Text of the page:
Director: Richard Linklater
Country: USA, Austria, Switzerland
Plot Summary: A French grad student named Celine (Julie Delpy) meets an American boy named Jesse (Ethan Hawke) on the Budapest-Vienna train. They get off the train in Vienna and hang out for a while.
Cast: Ethan Hawke, Julie Delpy, Andrea Eckert, Hanno Pöschl, Karl Bruckschwaiger, Tex Rubinowitz, Erni Mangold, Dominik Castell, Haymon Maria Buttinger, Harold Waiglein, Bilge Jeschim, Kurti, Hans Weingartner, Liese Lyon, Peter Ily Huemer
I should have seen this film long ago. Or maybe not. Maybe it was even more interesting to identify with the story retrospectively, because this was the effect this film had on me: I was with the characters wandering for the streets of (a familiar) Vienna for one day and one night. My empathy was due not only to the frame--both were penniless students in their “grunge” style, which I used to proudly embrace in the '90s myself, travelling around Europe. Above all, I could easily identify with their very human dialogues and observations about life, parents, love, men & women, future and relationships, which I somehow still concord with. Since the beginning, they shared their intimate "scary thoughts", and this is something which can happen only with strangers without sounding too ridiculous and silly, or with your most intimate friend, in rare occasions.
I liked their moments of brief, awkward, silences and the embarrassed looks they exchanged in a so credible and sincere manner. These uneasy silences were accompanied by more *reflective* pauses, in which they appeared being with their own thoughts in their own worlds, maybe still regurgitating about the emotions and confessions they had just shared, in their own manner and with their own encyclopaedia knowledge and background.
They played their roles with complicity and at the same time individualism. There was chemistry at first sight between them and they looked the perfect couple: both young, beautiful, healthy, profound and chatty. But the more they talked the more their cultural, sexual and personal [but strangely not linguistic--her English was a bit too perfect maybe?] diversities emerged: without falling into any stereotypes, she looked the cute cultured idealist European girl and he was the good looking, passionate, but a bit sceptical, American guy. These peculiarities, even though confronting, never clashed and rather gave them a distinctive character and intellectual volume.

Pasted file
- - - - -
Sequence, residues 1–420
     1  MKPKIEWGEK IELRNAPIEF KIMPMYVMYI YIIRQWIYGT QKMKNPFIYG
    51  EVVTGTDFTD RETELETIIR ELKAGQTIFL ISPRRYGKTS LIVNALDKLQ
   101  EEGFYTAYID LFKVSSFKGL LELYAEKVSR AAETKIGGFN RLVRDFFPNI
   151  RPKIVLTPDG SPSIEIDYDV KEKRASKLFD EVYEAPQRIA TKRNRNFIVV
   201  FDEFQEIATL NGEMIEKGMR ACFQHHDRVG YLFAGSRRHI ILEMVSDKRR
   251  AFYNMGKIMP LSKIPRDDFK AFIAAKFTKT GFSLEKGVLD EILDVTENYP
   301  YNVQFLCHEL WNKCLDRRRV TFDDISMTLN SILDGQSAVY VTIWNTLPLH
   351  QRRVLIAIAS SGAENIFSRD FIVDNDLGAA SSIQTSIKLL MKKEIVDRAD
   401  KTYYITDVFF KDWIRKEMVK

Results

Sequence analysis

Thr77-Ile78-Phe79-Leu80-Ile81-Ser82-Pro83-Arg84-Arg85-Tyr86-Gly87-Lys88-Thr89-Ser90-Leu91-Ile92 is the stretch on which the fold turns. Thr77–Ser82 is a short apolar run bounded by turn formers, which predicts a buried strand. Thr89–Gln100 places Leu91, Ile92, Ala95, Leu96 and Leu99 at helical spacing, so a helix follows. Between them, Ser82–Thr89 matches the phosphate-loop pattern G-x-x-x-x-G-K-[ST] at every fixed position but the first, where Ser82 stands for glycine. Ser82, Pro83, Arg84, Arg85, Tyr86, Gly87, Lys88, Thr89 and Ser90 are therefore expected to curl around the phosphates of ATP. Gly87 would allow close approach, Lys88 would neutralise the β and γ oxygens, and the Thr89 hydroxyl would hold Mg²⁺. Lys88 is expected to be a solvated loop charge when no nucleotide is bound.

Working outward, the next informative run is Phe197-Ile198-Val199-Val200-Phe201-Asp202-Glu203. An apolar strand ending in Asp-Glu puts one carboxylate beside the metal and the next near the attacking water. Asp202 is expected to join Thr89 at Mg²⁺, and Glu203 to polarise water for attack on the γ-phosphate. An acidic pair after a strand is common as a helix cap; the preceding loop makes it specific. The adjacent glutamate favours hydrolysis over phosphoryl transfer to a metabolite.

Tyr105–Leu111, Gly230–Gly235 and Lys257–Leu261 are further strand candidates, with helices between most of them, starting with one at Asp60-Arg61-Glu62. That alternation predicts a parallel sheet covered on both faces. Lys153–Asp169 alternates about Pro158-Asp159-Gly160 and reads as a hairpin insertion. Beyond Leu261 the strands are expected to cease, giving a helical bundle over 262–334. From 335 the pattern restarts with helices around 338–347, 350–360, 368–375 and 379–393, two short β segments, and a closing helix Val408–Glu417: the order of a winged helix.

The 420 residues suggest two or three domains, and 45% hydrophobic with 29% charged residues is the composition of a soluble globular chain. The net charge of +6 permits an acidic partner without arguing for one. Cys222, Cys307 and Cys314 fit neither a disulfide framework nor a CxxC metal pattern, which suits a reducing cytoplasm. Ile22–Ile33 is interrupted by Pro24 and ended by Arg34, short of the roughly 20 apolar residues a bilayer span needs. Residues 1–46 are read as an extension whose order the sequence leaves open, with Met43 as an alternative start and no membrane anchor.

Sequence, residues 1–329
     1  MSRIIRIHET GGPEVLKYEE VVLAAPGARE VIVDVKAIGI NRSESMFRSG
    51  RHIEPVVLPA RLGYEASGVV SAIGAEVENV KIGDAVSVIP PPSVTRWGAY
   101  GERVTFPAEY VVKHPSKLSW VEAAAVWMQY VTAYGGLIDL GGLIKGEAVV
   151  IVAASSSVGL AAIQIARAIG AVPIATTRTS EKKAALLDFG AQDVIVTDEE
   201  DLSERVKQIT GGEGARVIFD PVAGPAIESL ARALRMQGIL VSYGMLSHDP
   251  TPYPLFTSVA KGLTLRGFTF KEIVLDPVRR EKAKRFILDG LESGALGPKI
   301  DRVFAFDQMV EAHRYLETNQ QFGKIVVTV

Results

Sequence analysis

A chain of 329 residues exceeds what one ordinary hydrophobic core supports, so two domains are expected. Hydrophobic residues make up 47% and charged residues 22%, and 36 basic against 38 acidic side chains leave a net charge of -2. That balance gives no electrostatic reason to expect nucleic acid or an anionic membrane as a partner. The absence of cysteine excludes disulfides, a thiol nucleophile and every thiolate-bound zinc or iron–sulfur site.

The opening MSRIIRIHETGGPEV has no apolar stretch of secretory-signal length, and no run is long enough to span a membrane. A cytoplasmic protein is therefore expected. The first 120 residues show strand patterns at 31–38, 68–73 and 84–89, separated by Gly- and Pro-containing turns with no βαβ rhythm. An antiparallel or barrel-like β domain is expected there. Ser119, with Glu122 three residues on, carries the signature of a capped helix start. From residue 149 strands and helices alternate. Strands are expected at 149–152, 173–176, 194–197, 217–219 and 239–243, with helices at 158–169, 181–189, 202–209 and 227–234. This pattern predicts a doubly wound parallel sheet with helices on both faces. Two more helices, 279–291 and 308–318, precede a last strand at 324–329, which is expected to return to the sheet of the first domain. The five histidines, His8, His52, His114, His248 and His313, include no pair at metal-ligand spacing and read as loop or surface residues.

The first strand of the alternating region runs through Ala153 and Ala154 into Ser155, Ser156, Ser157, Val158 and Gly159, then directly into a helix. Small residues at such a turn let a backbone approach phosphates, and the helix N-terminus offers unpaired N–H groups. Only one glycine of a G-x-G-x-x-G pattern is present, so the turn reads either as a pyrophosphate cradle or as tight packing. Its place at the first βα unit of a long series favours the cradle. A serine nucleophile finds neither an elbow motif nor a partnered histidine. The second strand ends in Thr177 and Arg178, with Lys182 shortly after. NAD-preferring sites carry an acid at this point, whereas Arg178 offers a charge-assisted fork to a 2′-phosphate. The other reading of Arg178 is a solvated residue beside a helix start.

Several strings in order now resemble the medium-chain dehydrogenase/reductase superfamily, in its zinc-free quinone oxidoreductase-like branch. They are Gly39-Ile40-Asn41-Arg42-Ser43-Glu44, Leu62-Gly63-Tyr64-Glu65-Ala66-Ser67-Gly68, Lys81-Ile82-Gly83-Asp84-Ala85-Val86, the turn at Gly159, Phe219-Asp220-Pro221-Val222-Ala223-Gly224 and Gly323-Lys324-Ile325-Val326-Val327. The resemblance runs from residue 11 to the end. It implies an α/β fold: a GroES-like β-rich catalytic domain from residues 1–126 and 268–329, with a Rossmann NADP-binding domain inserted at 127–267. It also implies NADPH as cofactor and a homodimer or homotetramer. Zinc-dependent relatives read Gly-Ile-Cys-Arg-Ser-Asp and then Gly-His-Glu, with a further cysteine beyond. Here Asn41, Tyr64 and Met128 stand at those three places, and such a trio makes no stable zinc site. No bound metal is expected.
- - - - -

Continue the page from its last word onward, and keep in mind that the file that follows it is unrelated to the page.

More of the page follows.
The subtleness of their romantic gestures and their indirect declaration of love, filtered through an imaginary telephone, contributed to render their story romantic in the noblest rather than cheesy sense of the term. They managed to live and enjoy the night with com-passion avoiding the reality of their imminent separation, even though you could feel the presence of a secret question in their minds: "Are we going to see each others again?" They rationally decided that it was better not to think about it, that letters and calls are boring and would spoil the magic which is in the space between the two of them...
Since it is known that there is a sequel, I can say that, at the end, I was really hoping that they would meet again, but not nine years after, in Paris, by chance (see Before Sunset). No. I truly believed in their promise to meet at the same station, at the same time, six months later ... And now I know that they didn't. Disappointed? Yes. But even so, I still (or like to) believe that this is something possible, by chance or not.